To understand how the brain processes personally familiar faces across different retinal locations, study participants (graduate students) were asked to identify either two or three photographs of their peers’ faces. As participants stared at a central red dot on a computer screen, an image of a peer’s face would flash briefly on the screen peripherally in one of eight locations. After the image disappeared, they were prompted to identify which person they saw. Following the experiment, participants were asked to rate how well they knew the person in the image on a scale of one (not close) to seven (very close). The team then ran computational simulations to test the effect of learning in face-responsive cortical areas. The results of the simulation suggest that early face areas in face processing pathways are more likely to show a visual field bias that can be tuned by learning.
Previous research in facial recognition and identity has shown that the perception of gender and age varies across retinal locations as well. For example, an androgynous face may appear as a female face when shown in a specific visual location and as a male face when shown in another location. Gobbini and colleagues’ new study found that this same type of variability across the visual field (idiosynchratic, retinotopic biases) is found for identification of faces that are low in familiarity but is reduced for highly familiar faces. The results suggest that personally familiar faces may be detected in a prioritized way at an early stage of visual processing. “Much in the same way that the human language system is adapted and optimized to process an individual’s native language, including auditory recognition of speech sounds, the face perception system is finely tuned in each individual for interaction with the people that play an important role in that person’s life, and this tuning extends to learning at early stages of visual processing,” concludes Gobbini.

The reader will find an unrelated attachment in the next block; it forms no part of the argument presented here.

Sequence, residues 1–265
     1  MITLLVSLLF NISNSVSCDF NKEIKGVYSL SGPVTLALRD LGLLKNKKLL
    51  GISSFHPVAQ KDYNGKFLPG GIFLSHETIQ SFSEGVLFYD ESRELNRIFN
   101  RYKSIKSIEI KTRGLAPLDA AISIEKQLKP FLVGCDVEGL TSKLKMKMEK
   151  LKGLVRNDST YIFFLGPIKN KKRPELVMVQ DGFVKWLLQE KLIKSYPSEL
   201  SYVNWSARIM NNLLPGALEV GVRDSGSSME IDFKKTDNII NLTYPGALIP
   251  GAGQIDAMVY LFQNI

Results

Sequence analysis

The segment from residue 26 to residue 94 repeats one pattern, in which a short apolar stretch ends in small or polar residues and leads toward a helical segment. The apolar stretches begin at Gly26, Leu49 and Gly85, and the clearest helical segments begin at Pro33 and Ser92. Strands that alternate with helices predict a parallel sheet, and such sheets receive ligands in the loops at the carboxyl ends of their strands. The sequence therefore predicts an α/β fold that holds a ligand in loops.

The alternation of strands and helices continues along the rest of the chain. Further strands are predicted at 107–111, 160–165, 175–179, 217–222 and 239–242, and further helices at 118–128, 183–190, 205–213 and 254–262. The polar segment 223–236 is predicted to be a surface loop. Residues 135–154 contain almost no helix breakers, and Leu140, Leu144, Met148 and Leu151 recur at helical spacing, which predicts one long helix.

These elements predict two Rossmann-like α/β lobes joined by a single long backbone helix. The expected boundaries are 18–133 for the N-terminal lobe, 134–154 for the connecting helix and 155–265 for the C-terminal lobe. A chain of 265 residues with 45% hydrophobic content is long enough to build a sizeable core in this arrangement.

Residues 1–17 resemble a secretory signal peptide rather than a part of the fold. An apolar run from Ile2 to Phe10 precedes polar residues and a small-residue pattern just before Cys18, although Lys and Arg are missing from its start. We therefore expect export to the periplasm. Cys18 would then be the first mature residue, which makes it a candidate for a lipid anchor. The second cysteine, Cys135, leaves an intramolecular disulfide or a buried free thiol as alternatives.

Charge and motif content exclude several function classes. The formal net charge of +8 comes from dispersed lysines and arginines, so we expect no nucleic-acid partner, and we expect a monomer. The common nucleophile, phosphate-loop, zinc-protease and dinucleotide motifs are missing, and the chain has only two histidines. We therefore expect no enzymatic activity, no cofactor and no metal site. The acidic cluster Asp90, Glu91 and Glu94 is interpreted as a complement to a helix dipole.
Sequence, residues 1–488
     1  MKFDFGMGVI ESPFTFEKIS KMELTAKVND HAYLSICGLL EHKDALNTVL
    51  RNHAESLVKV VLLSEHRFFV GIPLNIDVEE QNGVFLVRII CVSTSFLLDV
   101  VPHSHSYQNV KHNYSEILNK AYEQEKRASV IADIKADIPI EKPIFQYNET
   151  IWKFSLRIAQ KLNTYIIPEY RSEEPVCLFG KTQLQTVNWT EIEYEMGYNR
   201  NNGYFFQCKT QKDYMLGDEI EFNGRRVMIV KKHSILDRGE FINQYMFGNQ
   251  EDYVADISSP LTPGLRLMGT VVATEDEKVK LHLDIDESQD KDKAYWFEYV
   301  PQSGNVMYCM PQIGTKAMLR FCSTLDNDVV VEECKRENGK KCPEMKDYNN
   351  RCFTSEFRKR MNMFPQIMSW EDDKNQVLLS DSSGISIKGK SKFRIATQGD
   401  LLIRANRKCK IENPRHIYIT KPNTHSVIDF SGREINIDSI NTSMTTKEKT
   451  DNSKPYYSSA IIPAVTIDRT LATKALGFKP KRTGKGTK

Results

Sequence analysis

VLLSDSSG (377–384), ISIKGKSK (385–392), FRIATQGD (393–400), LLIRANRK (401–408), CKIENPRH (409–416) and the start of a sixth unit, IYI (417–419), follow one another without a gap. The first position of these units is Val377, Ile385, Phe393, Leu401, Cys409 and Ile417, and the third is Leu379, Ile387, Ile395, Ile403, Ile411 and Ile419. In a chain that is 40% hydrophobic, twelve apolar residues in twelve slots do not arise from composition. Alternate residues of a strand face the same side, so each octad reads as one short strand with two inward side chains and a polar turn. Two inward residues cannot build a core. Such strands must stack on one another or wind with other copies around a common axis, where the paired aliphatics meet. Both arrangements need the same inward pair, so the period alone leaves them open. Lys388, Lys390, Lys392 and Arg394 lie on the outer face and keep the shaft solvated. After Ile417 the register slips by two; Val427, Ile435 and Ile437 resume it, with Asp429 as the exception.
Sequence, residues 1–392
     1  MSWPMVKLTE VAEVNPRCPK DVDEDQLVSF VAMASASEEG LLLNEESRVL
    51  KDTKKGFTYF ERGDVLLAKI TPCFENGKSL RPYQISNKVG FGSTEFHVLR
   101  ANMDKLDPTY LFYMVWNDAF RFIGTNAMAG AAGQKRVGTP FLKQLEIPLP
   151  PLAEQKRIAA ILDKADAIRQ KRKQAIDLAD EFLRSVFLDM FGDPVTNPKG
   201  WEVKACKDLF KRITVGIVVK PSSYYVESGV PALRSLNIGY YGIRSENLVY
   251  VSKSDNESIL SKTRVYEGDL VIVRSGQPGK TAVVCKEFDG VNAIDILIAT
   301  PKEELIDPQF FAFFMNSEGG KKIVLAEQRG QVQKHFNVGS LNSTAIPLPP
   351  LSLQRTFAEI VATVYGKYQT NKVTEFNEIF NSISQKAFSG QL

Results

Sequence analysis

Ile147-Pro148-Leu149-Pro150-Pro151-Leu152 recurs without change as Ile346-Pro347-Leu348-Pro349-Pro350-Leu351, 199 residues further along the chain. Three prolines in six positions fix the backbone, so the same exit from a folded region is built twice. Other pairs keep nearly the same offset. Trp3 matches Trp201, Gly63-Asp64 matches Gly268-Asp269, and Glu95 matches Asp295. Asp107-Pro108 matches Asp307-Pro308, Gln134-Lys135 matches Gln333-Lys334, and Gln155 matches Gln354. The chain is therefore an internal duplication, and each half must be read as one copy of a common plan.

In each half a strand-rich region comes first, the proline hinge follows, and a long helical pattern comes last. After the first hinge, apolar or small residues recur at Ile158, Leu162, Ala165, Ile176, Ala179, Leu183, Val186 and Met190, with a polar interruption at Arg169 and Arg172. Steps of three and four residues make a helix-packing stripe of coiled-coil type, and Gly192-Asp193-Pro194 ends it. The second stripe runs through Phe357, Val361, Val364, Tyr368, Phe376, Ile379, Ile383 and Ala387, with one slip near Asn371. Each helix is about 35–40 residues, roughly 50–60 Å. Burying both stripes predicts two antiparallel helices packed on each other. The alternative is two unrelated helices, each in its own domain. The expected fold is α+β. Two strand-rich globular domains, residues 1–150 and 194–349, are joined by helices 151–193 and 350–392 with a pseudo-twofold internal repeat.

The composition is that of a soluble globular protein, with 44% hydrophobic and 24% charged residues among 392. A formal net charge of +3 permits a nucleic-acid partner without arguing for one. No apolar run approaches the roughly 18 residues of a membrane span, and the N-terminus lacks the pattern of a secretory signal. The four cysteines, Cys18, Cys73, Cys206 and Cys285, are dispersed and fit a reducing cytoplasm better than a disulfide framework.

About this neuroscience research article